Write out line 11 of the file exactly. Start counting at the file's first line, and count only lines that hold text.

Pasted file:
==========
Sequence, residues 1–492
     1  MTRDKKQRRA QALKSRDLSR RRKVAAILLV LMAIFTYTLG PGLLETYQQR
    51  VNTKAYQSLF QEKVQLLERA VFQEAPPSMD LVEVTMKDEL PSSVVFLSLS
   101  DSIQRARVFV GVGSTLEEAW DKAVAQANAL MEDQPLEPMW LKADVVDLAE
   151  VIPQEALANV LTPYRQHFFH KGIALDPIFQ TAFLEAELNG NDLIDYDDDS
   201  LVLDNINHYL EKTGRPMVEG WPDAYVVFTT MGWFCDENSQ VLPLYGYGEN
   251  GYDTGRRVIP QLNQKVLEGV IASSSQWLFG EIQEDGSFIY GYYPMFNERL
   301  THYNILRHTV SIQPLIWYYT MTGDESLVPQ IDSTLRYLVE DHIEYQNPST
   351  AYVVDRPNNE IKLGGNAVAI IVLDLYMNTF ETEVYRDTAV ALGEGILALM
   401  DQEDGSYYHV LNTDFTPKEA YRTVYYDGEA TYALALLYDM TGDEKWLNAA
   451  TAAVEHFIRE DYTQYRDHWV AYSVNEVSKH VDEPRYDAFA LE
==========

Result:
   451  TAAVEHFIRE DYTQYRDHWV AYSVNEVSKH VDEPRYDAFA LE